Cultural festivals in Senegal draw upon a wide variety of cultural traditions that are staged for an array of local, national and international audiences. Staging masquerades from sacred forests, dances from initiation rites, the skills of sheep-herding, the acrobatics of capoeira and gigs by world music stars, cultural festivals are said to promote peace, development and cultural métissage. The range of rationales proffered for these festivals is as wide-ranging as that of the cultural performances staged at them. Presented as a panacea against the ills of modernity, culture is framed as both source and resource in its staging in festivals, which in fact function as mediations of modernity. While many disciplines recognize the polyvalence of the term ‘culture’, it should be acknowledged that the colonial and postcolonial trajectories of its use in the French imperial nation state and independent Senegal are particularly complex and controversial. Appropriating cultural performances for his politics of Negritude, President Léopold Sédar Senghor turned ‘culture’ into a political instrument. As a result, says Senegalese philosopher Souleymane Bachir Diagne, the very concept of ‘culture’ constitutes a controversial legacy of Senghor's cultural policy (Diagne 2002).
Cultural performances staged at cultural festivals are usually presented as rooted in ‘tradition’, although these performances often owe their format to the spectacles staged at colonial exhibitions (Apter 2005). Senegalese cultural festivals can therefore be seen as repositories of a long history of cultural policy, starting with French colonization. While this well-established origin in colonial relations is usually disavowed, organizers of cultural festivals make uninhibited use of cultural repertoires and deploy them while using a range of modernizing discourses to rationalise their postcolonial iterations. Acknowledging the colonial genealogy of cultural performances, this chapter demonstrates that the independent Senegalese state and its subjects have reclaimed the format of the colonial exhibit for a modernist agenda by deliberately forgetting the colonial origins of its cultural archive. The cultural performances presented at cultural festivals are, in fact, masquerades of modernity (De Jong 2007).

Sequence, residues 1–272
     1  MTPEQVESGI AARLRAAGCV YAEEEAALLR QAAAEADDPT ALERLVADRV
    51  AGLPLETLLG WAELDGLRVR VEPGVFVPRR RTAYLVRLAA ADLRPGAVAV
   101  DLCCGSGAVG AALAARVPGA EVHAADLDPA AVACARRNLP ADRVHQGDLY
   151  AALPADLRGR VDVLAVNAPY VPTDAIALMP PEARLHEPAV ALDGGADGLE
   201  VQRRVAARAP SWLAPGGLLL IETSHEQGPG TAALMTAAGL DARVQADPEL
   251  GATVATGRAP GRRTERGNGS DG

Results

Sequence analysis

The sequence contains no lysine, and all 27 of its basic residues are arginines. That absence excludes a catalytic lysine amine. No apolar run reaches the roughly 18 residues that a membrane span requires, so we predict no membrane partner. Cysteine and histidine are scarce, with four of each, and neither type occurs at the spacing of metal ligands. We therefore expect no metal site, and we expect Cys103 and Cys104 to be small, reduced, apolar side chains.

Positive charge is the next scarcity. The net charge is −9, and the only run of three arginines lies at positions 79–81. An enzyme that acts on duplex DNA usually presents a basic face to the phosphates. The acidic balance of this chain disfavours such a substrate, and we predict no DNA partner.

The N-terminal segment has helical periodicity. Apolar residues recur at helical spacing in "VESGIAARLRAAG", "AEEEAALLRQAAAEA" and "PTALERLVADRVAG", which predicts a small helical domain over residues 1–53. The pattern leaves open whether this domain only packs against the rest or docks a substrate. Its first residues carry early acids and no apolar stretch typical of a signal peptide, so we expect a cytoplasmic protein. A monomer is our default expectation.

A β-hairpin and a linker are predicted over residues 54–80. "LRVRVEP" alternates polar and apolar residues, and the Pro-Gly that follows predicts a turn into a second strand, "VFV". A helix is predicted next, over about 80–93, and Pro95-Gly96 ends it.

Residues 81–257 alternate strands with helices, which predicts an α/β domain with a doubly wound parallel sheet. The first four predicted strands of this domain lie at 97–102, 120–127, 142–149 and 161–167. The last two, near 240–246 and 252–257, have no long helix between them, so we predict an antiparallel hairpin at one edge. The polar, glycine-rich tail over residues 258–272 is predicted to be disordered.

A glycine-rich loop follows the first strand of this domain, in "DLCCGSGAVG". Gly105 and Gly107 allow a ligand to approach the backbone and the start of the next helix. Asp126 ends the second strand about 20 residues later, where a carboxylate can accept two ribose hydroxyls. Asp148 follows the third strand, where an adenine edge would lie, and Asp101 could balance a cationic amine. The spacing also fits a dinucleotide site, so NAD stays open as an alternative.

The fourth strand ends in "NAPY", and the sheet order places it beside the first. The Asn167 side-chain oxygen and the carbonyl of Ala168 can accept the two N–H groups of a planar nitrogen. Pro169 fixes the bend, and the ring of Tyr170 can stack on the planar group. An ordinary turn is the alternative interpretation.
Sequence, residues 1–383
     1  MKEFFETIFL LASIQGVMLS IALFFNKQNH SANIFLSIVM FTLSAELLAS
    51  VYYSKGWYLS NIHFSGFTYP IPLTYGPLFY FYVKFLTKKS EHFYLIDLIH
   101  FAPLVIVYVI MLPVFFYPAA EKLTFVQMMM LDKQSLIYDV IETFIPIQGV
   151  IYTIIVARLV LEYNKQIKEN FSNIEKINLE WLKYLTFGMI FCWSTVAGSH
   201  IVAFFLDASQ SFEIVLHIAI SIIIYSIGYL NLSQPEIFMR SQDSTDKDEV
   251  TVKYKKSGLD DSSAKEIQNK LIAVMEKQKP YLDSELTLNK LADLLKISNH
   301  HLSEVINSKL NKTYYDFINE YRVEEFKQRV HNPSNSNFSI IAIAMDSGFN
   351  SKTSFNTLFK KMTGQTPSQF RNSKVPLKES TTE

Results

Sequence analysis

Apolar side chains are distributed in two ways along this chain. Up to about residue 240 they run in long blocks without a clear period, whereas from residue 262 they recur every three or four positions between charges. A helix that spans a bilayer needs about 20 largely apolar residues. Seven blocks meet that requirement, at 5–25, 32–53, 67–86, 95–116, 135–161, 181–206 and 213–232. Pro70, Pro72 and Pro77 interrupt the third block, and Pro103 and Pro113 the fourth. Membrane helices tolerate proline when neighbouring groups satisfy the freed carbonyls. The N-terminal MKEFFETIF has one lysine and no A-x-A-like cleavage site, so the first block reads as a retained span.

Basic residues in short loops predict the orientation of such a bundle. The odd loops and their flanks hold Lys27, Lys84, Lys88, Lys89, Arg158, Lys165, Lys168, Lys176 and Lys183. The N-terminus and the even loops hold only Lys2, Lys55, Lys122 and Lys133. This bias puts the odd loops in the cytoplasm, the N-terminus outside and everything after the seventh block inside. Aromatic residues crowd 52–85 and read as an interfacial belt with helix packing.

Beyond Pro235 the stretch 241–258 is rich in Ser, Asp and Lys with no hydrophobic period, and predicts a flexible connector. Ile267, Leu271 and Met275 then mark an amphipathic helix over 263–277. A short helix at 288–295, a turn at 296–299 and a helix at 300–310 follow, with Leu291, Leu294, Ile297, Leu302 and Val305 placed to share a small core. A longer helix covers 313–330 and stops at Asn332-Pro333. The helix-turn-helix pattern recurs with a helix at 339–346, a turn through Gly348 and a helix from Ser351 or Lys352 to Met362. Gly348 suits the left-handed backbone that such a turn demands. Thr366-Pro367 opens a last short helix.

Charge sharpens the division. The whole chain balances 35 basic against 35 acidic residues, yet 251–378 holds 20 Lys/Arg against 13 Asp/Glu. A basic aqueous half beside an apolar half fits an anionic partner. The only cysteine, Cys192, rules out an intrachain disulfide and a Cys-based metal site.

This argument should be situated within a wider debate on the transformation of cultural formats in postcolonial contexts. Cultural performances are increasingly commoditized by ethnic brokers in an attempt to access resources and achieve international recognition (Comaroff and Comaroff 2009; cf. Peutz 2011).